Woman, 25, Pleads Guilty
To Abandoning Cats in Park
Painesville, Ohio, Municipal Court Judge Michael Cicconetti figured Michelle Murray, 25, should get a taste of her own medicine.
Murray, 25, pleaded guilty to abandoning about 35 kittens and cats in two parks on two nights in Lake County, Ohio, in September. Rangers found them, but nine died.
So Cicconetti sentenced her to spend a cold night alone without shelter in a park, and then 15 days in jail.
"I wanted her to have the same experience the animals went through," said Cicconetti, who is known for creative sentencing options. Two years ago, he gave two teenagers who had stolen and defaced a nativity statue the choice of jail or buying a new statue and marching through the streets with it on a donkey.
During her night in the park, Murray will be able to contact park rangers in an emergency.
"The weather forecast is for a particularly cold night, so we may have to make modifications," Cicconetti said.
-- Kari Lydersen
Five Muslims Were Praying,
But Not for the N.Y. Giants
Halfway through the second quarter of the Sept. 19 football game, just as the New Orleans Saints scored a touchdown against the New York Giants, five men were found kneeling in prayer near a ventilation duct in Giants Stadium.
"When it's time for prayer, it's time to worship God," one of them, Sami Shaban, 27, a Seton Hall Law School student, later told the New York Daily News. "No matter where we are, we stop and we pray."
Security guards summoned the FBI. The men were detained. The Muslims, all Giants fans, said they were the targets of racial profiling. Steven Siegel, an FBI spokesman, disagrees. He said, "It was where they were, not what they were doing."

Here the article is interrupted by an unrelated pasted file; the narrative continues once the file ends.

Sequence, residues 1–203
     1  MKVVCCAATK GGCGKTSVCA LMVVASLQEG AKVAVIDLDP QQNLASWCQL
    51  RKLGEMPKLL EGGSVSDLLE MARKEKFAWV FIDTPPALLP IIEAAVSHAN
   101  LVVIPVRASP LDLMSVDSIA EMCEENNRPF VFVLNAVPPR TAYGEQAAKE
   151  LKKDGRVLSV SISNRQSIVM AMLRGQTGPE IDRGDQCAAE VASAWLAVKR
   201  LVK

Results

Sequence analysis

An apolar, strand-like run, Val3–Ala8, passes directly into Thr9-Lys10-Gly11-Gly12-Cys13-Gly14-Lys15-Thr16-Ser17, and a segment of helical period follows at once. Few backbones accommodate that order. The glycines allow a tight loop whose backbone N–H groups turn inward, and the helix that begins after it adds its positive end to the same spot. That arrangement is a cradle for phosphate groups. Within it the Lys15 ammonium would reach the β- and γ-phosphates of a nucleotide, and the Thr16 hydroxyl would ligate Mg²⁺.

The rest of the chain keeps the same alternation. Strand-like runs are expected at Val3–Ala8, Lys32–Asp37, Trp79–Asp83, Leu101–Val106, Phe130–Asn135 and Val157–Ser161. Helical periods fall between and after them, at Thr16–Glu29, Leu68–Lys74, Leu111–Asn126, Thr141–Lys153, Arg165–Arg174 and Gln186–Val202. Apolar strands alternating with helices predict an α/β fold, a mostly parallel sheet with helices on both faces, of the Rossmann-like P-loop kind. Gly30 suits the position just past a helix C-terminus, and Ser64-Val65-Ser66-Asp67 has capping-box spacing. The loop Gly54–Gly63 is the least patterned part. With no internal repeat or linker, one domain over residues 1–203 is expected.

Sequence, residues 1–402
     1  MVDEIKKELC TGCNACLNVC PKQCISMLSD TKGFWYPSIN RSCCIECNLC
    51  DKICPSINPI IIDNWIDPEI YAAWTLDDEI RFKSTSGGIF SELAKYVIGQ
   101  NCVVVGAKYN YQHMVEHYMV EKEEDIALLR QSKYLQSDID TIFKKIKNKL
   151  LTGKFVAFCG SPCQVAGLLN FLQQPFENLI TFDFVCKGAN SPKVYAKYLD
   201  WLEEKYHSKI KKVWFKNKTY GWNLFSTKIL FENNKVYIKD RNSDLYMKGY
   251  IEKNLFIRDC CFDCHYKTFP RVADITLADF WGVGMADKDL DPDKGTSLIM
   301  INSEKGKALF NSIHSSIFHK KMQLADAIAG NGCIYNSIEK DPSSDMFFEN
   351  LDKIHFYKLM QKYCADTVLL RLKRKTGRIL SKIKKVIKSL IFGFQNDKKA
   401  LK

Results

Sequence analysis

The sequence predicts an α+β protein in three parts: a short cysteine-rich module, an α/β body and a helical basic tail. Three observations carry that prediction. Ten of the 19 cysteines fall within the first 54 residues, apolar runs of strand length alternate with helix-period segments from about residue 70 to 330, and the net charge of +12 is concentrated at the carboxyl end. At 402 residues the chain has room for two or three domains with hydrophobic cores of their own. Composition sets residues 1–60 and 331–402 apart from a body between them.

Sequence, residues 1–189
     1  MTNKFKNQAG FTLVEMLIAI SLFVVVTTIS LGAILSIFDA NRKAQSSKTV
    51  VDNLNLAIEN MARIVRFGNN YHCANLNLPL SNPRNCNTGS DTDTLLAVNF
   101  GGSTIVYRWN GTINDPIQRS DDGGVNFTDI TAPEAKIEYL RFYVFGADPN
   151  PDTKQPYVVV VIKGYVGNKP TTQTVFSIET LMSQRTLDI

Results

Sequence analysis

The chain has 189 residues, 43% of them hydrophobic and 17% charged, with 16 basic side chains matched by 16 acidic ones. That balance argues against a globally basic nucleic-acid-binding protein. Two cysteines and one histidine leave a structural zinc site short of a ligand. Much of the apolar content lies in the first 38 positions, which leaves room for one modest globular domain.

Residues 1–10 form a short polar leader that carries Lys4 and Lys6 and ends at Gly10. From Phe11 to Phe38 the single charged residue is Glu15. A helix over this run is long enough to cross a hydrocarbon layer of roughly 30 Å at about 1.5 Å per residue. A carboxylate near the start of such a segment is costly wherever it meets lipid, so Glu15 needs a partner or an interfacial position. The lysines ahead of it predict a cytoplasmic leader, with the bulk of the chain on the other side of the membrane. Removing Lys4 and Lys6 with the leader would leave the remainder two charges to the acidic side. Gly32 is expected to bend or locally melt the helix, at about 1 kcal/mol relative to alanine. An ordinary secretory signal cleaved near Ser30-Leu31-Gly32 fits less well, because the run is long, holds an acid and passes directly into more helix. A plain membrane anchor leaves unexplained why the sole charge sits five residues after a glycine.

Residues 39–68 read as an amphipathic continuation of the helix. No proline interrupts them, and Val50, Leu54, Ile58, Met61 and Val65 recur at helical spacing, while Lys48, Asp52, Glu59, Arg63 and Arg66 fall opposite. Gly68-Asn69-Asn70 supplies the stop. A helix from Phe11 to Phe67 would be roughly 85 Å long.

After the incident, stadium executives decided to create "prayer areas." Soon fans will be able to retreat to those spots when religious duty calls -- or when the Giants are losing.
-- Michelle Garcia
Thanksgiving Cooking Oil
Being Collected to Run Buses
You've heard of leftover turkey sandwiches and making soup out of turkey bones. So what to do with all that used Thanksgiving turkey fryer oil?
In Texas, chicken-fried steak is a delicacy and fried turkeys are a holiday staple. This year, North Texas officials are asking residents to donate their used oil -- peanut oil is the favorite for frying up a nice, juicy turkey -- to a company that will convert it into biodiesel fuel for the city of Denton. It's true: The city's fleet of garbage trucks, buses and other vehicles can run on converted turkey fryer oil.
Washing cooking oil down the sink can cause clogging of municipal sewage systems, so cities such as Denton and Fort Worth for years have collected residential cooking grease and oil.
But the used oil previously went to city compost piles or collection centers that charge fees. Five cities in North Texas are offering to collect the used oil from residents free of charge through the end of 2005 and donate it to Denton-based Biodiesel Industries Inc. to be converted to fuel the city's municipal fleet.
The largest amount of used turkey fryer oil is generated between Thanksgiving and Christmas, and gasoline prices are high.
"With the gas crisis . . . this is a great time to go biodiesel," said Donna Kliewer, waste services manager for Allen, Tex. "It's the best alternative fuel you can think of."
-- Sylvia Moreno
Giants fan Sami Shaban accused authorities of racial profiling.